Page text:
I remember the first time I filled a group-coaching program. My first ever five figure launch! I‘d been dreaming of it for years but when it actually happened…
I was thrilled for like a day and then terror set in.
Has this ever happened to you? That thing you’ve worked so hard for, that thing you’ve dreamed about, visualized, pray rain journaled about… finally happens and before you can finish that glass of champagne… TERROR.
And then you start wishing you could go back to the old days when everything was quiet, predictable, and most of all, comfortable.
The terror you feel comes courtesy of “The Voice.” (Queue sound effects: da da daaaaaaaa.)
When good things happen, “The Voice” will stop at nothing to offer any combination of the following 3 Big Buts…
Yeah but you’re too old, too fat, too thin, too poor, too brown. Yeah but it’s already been done, yeah but you have nothing new to say, yeah but you don’t have the right credentials….
Then there’s “But what if…?”
(Insert anything that could possibly go wrong.)
What if people laugh?
What if nobody comes?
What if they hate it?
What if there’s a typo?
And the last Big But … this is the one “The Voice” likes to use to close the deal:
“But. You. Will. Fail.”
When I filled my program, THIS is what was going through my head:
… who are you to be leading this group?
… what makes you so special?
… they don’t see the value in this program?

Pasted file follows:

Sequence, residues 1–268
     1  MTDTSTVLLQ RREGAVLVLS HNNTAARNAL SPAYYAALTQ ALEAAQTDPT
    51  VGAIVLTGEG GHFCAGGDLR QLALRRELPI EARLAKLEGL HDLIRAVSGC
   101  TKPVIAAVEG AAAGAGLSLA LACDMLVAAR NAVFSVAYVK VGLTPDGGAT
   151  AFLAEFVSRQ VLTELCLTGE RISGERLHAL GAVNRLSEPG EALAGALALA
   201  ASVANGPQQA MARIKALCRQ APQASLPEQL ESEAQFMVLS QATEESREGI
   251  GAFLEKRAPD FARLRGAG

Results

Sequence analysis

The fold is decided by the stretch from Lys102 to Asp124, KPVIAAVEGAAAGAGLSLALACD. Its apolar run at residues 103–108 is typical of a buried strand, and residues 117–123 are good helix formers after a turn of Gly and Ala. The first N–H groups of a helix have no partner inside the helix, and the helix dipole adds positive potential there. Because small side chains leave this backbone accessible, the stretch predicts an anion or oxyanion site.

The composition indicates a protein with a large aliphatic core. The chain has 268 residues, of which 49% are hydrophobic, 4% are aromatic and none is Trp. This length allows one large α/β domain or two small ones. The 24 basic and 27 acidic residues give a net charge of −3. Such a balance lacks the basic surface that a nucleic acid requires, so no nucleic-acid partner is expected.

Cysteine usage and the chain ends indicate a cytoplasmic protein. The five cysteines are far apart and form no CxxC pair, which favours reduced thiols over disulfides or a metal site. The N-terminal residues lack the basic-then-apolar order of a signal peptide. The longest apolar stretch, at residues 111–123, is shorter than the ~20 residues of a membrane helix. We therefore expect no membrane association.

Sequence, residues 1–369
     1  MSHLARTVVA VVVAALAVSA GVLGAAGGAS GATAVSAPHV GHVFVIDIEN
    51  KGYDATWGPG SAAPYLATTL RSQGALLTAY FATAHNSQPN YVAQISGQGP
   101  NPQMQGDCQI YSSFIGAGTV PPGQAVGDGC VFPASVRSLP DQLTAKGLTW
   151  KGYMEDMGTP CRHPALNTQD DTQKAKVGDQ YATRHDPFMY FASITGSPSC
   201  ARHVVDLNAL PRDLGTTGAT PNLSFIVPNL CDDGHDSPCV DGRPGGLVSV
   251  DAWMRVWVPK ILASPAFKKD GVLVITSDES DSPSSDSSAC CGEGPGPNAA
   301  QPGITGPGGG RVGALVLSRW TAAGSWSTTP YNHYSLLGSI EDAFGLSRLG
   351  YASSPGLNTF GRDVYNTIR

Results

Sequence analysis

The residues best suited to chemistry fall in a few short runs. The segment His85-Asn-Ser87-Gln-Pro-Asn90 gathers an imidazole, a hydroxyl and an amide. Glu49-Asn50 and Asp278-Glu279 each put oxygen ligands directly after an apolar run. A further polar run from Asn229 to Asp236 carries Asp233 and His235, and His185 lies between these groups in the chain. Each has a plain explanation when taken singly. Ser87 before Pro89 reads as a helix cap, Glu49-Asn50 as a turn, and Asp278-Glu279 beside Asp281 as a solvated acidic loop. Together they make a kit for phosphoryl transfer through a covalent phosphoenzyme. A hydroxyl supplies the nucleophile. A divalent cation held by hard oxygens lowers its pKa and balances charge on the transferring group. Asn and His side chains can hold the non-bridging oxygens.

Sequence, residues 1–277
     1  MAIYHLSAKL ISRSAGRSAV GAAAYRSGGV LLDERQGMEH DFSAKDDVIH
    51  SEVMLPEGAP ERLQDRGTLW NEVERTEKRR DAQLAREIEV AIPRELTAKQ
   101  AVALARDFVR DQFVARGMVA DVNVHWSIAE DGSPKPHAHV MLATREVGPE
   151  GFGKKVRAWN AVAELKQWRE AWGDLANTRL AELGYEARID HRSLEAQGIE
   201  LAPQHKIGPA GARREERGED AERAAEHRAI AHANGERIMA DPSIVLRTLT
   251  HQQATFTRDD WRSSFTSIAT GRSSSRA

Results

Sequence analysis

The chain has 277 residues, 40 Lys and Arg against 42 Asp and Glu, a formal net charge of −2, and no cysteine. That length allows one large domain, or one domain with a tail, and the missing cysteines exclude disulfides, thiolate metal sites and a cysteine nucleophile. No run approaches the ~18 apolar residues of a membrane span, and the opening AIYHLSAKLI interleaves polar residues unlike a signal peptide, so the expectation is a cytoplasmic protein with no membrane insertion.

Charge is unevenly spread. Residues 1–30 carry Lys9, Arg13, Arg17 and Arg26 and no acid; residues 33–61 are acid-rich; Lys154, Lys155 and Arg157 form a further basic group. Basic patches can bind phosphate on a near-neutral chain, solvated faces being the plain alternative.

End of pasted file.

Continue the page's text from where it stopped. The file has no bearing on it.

… they hate it?
… they hate you?
… they want their money back?
And of course but…
You. Amy Pearson. Will. Fail.
So here’s the thing you need to know about “The Voice:”
It never goes away.
There will always be fear. It will always be uncomfortable. There is never a point when you will have your shit totally together.
I don’t care how much coaching, talk therapy, meditation or yoga you do; the idea that you can eliminate fear from your life is a dangerous expectation that will keep you forever on the sidelines. [Tweet that!]
“The obstacle is the way.” That’s Ryan Holiday. “The cave you fear to enter holds the treasure that you seek.” That’s Joseph Campbell.
So I acknowledged the discomfort. Said hello to it. And I thanked “The Voice” for its input. Then I ran my program anyway. Because avoiding the fear would have been the REAL failure.
Nobody asked for their money back.
Nobody told me they hated it.
Nobody told me they hated me.
And I SO did NOT fail.
So stop letting The Voice keep you from really living “your one wild and precious life,” get out there and feel it all, the good, the bad and the terrifying.